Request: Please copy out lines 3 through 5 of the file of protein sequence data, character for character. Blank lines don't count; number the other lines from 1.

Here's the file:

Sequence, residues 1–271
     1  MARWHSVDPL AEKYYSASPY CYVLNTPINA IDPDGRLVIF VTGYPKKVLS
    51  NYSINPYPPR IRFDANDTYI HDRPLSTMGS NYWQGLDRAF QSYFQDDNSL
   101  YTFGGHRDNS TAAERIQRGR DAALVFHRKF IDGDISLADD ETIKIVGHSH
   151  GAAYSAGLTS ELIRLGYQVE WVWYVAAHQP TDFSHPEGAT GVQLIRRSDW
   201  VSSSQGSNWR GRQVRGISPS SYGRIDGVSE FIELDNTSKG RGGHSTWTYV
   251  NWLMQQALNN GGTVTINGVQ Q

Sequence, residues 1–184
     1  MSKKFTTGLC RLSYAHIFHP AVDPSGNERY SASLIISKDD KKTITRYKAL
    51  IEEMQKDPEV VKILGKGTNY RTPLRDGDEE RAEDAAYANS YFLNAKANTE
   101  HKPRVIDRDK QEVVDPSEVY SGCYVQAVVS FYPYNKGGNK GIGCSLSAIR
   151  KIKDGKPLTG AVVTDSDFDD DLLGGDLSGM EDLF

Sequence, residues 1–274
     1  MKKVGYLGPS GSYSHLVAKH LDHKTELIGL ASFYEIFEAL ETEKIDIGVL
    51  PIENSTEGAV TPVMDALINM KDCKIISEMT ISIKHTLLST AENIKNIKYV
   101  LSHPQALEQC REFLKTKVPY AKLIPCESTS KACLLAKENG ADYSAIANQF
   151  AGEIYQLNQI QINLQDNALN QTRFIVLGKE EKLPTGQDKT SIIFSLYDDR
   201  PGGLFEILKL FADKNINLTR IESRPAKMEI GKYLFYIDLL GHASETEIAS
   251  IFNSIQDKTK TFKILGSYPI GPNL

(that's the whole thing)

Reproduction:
    51  NYSINPYPPR IRFDANDTYI HDRPLSTMGS NYWQGLDRAF QSYFQDDNSL
   101  YTFGGHRDNS TAAERIQRGR DAALVFHRKF IDGDISLADD ETIKIVGHSH
   151  GAAYSAGLTS ELIRLGYQVE WVWYVAAHQP TDFSHPEGAT GVQLIRRSDW